The Key Moment From Night Two of the Republican Convention
So there was quite a bit to digest on Tuesday night.
We saw repeated abuses of the White House for political purposes. Two Trump kids went to the podium and didn’t even bother to bring any humanity to their father. An anti-Semite was pulled from the speaker’s list at the last minute. Pam Bondi pulled the Florida/ Ukraine-falsehood/ Trump-corruption trifecta, with an unhealthy dollop of Russian dezinformatsiya to boot.
Newly-nominated-but-still-not-legally-appointed Homeland Security boss Chad Wolf led a naturalization ceremony, leading pundits to wonder if Wolf’s illegal appointment accidentally shielded him from prosecution under the Hatch Act. The First Lady gave a fairly decent if laughably un-credible speech.
Meanwhile, Joe Biden’s campaign put out a statement exploding Monday night’s “they hate the police and love riots” scare with six lines of text.
None of these moments, however, became the key moment of the night. That came from Larry Kudlow, of all people. The White House top economist had this to say about the current situation (via Andrew Solender of Forbes).
“Then came a once-in-one-hundred years pandemic. It was awful. Health and economic impacts were tragic. Heartbreak and hardship were everywhere,” Kudlow said of the coronavirus crisis.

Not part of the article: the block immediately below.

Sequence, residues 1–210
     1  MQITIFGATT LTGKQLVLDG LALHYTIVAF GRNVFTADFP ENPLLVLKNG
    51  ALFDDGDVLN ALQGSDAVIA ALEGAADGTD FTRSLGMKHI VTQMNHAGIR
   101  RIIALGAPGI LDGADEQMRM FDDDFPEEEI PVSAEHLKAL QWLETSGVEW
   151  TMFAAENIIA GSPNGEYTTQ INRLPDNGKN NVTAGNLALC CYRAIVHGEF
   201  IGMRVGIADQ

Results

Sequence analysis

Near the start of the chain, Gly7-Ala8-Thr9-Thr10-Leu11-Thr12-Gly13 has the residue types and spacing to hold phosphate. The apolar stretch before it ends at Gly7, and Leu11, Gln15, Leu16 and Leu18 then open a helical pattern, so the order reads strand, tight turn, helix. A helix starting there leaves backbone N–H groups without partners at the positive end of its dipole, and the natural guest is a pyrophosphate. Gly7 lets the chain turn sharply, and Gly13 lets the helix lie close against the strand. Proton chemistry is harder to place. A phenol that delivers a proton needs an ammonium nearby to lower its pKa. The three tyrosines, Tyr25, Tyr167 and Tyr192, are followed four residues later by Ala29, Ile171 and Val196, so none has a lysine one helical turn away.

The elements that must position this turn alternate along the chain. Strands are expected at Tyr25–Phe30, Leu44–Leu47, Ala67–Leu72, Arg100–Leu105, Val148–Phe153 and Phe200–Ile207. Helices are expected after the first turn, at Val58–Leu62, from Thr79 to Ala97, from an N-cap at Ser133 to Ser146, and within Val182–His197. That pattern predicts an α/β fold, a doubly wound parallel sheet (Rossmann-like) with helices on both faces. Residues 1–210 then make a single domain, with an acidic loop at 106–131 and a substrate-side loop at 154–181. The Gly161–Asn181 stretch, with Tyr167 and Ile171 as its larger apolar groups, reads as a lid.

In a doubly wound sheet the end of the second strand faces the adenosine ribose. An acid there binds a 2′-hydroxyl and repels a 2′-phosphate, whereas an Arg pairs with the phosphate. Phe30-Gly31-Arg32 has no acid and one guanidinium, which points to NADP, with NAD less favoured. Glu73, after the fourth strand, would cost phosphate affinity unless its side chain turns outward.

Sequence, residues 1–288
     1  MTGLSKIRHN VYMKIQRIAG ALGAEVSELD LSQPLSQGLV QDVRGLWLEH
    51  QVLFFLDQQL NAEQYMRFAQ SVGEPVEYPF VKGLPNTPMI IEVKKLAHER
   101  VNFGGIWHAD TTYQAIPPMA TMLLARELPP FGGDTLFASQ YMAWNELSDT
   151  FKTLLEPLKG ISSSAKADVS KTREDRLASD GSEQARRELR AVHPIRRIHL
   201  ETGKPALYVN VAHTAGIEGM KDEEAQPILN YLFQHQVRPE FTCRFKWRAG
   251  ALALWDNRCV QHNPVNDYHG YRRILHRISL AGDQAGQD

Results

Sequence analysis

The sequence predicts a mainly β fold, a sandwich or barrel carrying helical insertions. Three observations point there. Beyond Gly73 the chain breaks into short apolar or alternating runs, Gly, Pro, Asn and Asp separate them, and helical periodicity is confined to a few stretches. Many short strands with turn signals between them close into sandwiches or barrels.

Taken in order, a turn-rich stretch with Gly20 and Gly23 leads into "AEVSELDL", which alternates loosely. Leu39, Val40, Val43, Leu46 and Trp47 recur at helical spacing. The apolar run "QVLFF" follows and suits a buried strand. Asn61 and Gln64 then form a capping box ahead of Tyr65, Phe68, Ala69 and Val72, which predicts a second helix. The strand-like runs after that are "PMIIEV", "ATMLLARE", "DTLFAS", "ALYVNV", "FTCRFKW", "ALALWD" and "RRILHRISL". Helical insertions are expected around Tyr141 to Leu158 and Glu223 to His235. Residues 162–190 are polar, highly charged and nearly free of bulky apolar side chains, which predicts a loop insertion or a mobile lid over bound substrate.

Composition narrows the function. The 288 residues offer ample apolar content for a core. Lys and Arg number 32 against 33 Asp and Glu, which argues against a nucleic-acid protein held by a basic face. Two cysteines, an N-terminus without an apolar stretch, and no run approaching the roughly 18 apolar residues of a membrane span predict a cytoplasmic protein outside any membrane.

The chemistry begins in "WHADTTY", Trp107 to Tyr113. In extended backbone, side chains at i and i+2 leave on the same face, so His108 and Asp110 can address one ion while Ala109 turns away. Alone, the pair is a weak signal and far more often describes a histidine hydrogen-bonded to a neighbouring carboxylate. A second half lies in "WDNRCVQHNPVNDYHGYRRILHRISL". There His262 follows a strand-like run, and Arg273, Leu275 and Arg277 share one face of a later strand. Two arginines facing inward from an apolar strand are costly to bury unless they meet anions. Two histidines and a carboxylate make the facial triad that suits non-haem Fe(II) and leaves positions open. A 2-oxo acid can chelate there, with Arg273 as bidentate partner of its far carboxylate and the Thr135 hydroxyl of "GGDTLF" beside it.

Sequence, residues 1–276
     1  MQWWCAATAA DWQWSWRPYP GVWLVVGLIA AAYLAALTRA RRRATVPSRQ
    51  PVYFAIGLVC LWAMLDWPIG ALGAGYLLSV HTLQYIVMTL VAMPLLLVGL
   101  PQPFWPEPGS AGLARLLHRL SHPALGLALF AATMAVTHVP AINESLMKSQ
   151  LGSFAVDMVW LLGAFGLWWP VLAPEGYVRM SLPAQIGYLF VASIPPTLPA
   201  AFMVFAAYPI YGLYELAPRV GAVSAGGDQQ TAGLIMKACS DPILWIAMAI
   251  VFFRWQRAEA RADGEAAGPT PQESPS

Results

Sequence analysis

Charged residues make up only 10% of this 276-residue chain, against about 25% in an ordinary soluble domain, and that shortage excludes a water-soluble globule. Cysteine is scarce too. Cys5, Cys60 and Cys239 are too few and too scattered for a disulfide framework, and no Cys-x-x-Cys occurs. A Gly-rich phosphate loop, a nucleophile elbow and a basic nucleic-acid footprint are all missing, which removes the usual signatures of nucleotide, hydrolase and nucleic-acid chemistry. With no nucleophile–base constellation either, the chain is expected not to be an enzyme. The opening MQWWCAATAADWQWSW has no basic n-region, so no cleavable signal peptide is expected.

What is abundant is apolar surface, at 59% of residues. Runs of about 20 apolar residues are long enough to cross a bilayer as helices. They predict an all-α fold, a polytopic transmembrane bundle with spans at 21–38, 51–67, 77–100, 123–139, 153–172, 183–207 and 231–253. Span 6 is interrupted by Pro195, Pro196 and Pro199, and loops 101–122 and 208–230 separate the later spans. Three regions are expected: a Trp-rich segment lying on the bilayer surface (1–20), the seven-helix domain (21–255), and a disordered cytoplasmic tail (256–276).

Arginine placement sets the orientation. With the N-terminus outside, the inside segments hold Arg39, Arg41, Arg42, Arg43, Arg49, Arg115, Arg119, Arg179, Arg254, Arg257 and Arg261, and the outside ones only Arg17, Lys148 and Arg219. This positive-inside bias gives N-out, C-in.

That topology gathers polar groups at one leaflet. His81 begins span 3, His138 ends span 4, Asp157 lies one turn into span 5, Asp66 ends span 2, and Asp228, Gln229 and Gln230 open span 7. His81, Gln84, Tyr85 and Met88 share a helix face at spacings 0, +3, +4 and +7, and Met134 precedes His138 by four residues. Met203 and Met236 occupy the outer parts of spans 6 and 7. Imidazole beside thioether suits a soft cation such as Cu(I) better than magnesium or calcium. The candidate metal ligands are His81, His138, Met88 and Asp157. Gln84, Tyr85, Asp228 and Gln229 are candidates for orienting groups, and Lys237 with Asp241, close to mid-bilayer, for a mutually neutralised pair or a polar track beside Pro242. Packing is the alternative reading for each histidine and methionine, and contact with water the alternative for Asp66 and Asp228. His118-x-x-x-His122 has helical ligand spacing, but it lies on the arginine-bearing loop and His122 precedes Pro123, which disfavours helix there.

Kudlow declared that “presidential leadership came swiftly and effectively” and mounted an “extraordinary rescue to health and safety to successfully fight the covid virus,” adding that a “bipartisan rescue saved the economy.”
It was awful?!?!?
As Kudlow was attempting to gaslight us into thinking COVID-19 was in the past tense, the number of deaths from the diseased passed 1,000 for the day … again. New unemployment filings were above 1.1 million … again.
Larry Kudlow might like us to think COVID and the COVID recession are behind us. The rest of the night’s speakers echoed that with near-total silence about the disease. The American people know better. They still see their loved ones fall ill and die – or see themselves fall ill. They see their local businesses shutter. They see jobs disappear.
The disconnect between what the Republicans presented and what American are witnessing has become a chasm. The party has less than ten weeks to bridge that gap. It’s more likely they’ll simply mark time and prepare the ground for bigger grifts on the people on its own side of the canyon.
Previous from D.J. McGuire: